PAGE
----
‘Palm Royale’, ‘The Crown’ & ‘The Gilded Age’ Costume Designers On Dressing For A Higher Social Standing

No matter how popular a clothing style may be in the world of high fashion, trends are made to come and go. This Emmy season has costume designers doing the work of interpreting those trends for a new era.

Palm Royale tracks the fashion of one woman trying to fit in with the high society of 1960s Palm Beach, where she seems to often just miss the mark. The Crown gives the Queen a bolder color palette and a look of defiance for one final send off. Taking cues from painters of the 1880s, The Gilded Age builds on a framework of fashion trends from multiple decades.

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Palm Royale costume sketch
Palm Royale costume sketch

Palm Royale

For costume designer Alix Friedberg, Palm Royale presented a great opportunity to explore the innovative fashion of the time. “They call it the fashion revolution for a reason,” she says. “The late ’60s was a very flamboyant time, and there was a lot of peacocking going on with men and women.” While there weren’t any specific styles for Friedberg to draw from, the inspiration came from how designers were experimenting with silhouette. “The ditching of the structured undergarments played a big role in the freedom that designers had in that time.”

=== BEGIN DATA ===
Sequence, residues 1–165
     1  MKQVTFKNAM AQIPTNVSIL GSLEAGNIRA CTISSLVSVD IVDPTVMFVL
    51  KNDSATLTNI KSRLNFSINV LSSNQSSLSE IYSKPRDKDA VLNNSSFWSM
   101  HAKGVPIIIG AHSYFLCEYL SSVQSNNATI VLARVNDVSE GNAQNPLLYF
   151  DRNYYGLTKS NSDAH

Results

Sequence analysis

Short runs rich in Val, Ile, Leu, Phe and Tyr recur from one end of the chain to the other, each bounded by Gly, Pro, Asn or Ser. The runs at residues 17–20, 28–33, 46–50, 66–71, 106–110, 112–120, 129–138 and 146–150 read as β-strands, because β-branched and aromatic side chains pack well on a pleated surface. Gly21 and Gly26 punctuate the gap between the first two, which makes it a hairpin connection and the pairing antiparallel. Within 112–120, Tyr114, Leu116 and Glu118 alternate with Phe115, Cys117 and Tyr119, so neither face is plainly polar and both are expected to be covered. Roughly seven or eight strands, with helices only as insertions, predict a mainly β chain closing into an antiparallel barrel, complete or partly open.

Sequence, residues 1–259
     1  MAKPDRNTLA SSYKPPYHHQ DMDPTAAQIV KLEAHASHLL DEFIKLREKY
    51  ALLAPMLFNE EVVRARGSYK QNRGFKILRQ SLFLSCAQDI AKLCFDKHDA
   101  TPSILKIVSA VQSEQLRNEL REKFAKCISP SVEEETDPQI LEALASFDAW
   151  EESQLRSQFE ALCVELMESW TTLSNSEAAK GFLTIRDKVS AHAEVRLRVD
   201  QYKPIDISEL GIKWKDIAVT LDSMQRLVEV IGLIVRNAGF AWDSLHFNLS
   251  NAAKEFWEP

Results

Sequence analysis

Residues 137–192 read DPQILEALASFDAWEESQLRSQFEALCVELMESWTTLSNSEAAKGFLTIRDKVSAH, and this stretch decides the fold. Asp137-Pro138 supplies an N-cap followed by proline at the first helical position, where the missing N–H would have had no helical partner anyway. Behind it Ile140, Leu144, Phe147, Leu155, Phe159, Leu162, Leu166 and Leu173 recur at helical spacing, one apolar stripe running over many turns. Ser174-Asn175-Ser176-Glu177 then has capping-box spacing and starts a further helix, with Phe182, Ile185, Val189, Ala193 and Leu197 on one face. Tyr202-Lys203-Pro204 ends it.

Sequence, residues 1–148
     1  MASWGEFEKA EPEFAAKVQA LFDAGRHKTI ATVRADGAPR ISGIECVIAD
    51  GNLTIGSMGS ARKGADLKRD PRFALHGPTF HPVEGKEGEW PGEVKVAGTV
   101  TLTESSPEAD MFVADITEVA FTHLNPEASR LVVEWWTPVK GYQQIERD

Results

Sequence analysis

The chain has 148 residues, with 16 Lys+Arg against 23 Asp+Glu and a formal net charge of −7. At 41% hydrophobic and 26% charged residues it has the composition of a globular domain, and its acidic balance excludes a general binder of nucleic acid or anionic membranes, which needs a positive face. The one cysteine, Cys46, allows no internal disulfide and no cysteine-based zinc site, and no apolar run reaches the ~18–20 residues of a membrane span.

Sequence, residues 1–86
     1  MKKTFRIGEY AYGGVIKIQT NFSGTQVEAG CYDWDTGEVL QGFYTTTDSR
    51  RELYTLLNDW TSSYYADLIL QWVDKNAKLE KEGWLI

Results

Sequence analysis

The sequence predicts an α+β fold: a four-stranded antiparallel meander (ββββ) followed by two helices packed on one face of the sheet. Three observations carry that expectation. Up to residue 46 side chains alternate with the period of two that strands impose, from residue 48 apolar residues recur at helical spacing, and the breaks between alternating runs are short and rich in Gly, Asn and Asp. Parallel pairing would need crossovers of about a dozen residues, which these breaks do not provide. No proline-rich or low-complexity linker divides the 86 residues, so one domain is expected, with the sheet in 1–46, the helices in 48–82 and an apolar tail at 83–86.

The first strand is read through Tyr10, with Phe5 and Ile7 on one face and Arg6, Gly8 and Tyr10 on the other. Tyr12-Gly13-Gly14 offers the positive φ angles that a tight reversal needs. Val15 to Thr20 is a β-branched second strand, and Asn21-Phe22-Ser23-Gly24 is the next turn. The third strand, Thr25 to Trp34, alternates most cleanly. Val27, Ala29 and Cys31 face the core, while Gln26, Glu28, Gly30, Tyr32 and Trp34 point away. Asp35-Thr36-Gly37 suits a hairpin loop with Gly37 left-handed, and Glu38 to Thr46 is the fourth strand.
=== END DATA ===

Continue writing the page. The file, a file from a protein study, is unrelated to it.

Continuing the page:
At the Palm Royale Country Club, Friedberg kept the costume design to a tight color palette. “It was pastels and whites, and really sort of bright sherbet colors,” she says. “No denim, nothing earth tone and nothing too dark navy that popped. We really kept it light and bright and crisp, so you always knew where you were by the palette.” This was to give a contrast between the “haves and the have-nots” in West Palm Beach. “That palette was a bit more in that late ’70s, sort of avocado and salmon colors, the offshoot things that have a patina on them. They were a little muddier, a little sweatier, a little more worn.”

Palm Royale costume sketch
Palm Royale costume sketch

Maxine (Kristen Wiig), the wannabe socialite, was a particularly fun design challenge for Friedberg, as a character learning what is acceptable in that society. “Maxine’s personal style has the kind of aesthetic and optimism of a little girl dressing herself,” she says. “Like a nine-year-old girl with a lot of bows and accessories and perfectly matched shoes and bags—sort of the way you would dress a doll.” Where the other women at the country club would be elegantly styled, Friedberg had to make sure that Maxine’s attire would just slightly miss the mark. “An accessory would be a little too much or too little, or a silhouette would be a little inappropriate for an event.”